Extra Fuel Required

When grilling in cold weather, one thing you can count on is that you’re going to use more fuel than in warmer months. Ensure that you have plenty of fuel before you start grilling to avoid running out at the worst possible time, when your food is only half-cooked. Whether you use gas, charcoal or wood to grill, stock up before the cold weather hits. Local stores don’t stock as much grilling fuel in colder months.

Can propane gas flow in extremely cold temperatures?

Yes. For propane to freeze, the outside temperature would have to be -44°F or below, which happens in very few parts of the world.


Factor Cook Time into Food Choices

When grilling outdoors in colder temperatures, consider foods that grill up faster, so you don't have to be outside in the cold any longer than necessary. Stay away from thick steaks because your grill won’t hold heat as well when it’s cold outside. Foods that require frequent flipping or basting should also be reserved for warmer weather. Avoid grilling anything that requires lots of attention, making it take longer to cook your food. Remember, every time you open that grill lid, you’re losing heat and letting cold air in.


Use Cast Iron Cooking Grates

If you’re just not willing to give up your New York strips for the season, use cast-iron cooking grates. They get hot very quickly and retain the heat for a long time. If your grill doesn't have cast iron grates, you could swap out stainless steel or aluminum grates for cast-iron, whenever you need to.


Seize the Daylight

Since most cold-weather grilling is done in the winter when the sun sets earlier in the day, there are fewer daylight hours than the rest of the year. So, you might want to check what time the sun will set and start grilling a little earlier.

When the day gets away from you or you plan to grill after dark, you need sufficient lighting to see the food you’re grilling clearly. You could install an outdoor lighting system for your designated grill zone or simply attach a light to the grill handle to light up the cooking surface.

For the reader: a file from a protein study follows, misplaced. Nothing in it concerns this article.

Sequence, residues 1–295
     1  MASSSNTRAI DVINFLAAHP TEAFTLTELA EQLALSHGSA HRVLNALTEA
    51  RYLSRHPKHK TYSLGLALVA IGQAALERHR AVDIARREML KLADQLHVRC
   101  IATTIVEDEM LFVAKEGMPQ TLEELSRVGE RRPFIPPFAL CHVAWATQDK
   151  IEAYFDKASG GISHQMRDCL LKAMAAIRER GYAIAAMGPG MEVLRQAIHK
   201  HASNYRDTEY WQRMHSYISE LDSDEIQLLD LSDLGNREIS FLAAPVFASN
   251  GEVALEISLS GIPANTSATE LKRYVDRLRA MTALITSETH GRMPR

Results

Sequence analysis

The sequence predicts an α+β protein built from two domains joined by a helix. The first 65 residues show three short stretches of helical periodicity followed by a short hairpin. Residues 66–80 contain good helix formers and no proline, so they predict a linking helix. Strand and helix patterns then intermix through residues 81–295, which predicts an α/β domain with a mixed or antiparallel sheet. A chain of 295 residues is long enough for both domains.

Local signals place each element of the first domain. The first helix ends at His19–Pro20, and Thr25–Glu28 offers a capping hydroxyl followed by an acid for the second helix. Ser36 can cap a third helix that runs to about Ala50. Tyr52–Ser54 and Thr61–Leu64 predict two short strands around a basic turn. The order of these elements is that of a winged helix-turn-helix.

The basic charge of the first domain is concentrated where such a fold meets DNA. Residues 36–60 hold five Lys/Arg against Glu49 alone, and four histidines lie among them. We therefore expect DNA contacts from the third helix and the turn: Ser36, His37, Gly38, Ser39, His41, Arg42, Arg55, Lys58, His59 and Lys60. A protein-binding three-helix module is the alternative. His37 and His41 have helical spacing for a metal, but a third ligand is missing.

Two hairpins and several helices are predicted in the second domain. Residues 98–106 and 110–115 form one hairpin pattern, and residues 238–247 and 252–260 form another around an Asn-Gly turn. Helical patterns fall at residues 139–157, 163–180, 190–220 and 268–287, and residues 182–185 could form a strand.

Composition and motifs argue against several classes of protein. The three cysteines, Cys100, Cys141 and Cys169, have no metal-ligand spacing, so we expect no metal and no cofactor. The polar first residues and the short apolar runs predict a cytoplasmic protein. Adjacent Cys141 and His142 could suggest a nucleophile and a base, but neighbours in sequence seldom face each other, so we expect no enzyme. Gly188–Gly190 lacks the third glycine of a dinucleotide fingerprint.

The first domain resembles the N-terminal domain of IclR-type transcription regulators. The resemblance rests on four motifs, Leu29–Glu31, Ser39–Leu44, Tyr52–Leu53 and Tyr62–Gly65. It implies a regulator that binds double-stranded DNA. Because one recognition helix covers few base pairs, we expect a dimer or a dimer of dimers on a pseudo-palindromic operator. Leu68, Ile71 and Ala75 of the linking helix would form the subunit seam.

Allow Extra Time to Preheat

Just like your car engine, you need to give your grill a little more time to warm up in the winter. In fact, preheating your gas grill can take up to twice as long in really cold weather. A grill that might typically take 15 minutes to preheat will likely to take more like 30 minutes.


Dress for the Weather Conditions

While this may seem obvious, if you’re uncomfortably cold, you won’t be able to give your food the attention it deserves. So, bundle up. Dress in layers but take care that nothing hangs loose enough to touch the fire. Wear warm gloves that give you full range of motion to handle your grilling tools. Fingerless gloves are great for winter grilling.


Invite Guests to Join You Outside

In the winter, the grill, like a fire pit, will keep everyone warm. Bundle everyone up to come outside and gather around the grill. Your friends and family can visit with you while you grill or lend a hand.


Keep the Lid Closed

As a general rule, you want to get into the habit of keeping the lid down while grilling, checking on it only when necessary. Keeping all that heat contained will ensure faster, even grilling and helps save on fuel too. Lifting the lid on your grill causes it to lose heat, which means it’s going to take longer to cook your food. In fact, even just a quick peek at your food will cost you an extra few minutes to get back up to temperature. This is true on warm days, but especially so on colder days.

HOT TIP: If you have an app-connected, wireless meat thermometer, use it to monitor temperature and cooking time.


Mind Your Meat Temps

It’s especially important to rely on meat temps when grilling in winter. Cold-weather grilling takes a little longer and it can be harder to determine doneness. To be absolutely sure your meat is thoroughly cooked, insert an instant-read thermometer into the thickest part of the cut. When you reach desired doneness, allow your meat to rest for at least 3 minutes before slicing.


Cover Your Food

As soon as your food comes off the grill, cover it and take it into the house to keep the heat from escaping into the cold outside air. When you're grilling a lot of food, you might want to have a helper to assist you with food transport so you can continue to keep an eye on the grill.

Last but most definitely not least, always keep a fire extinguisher within easy reach for safety.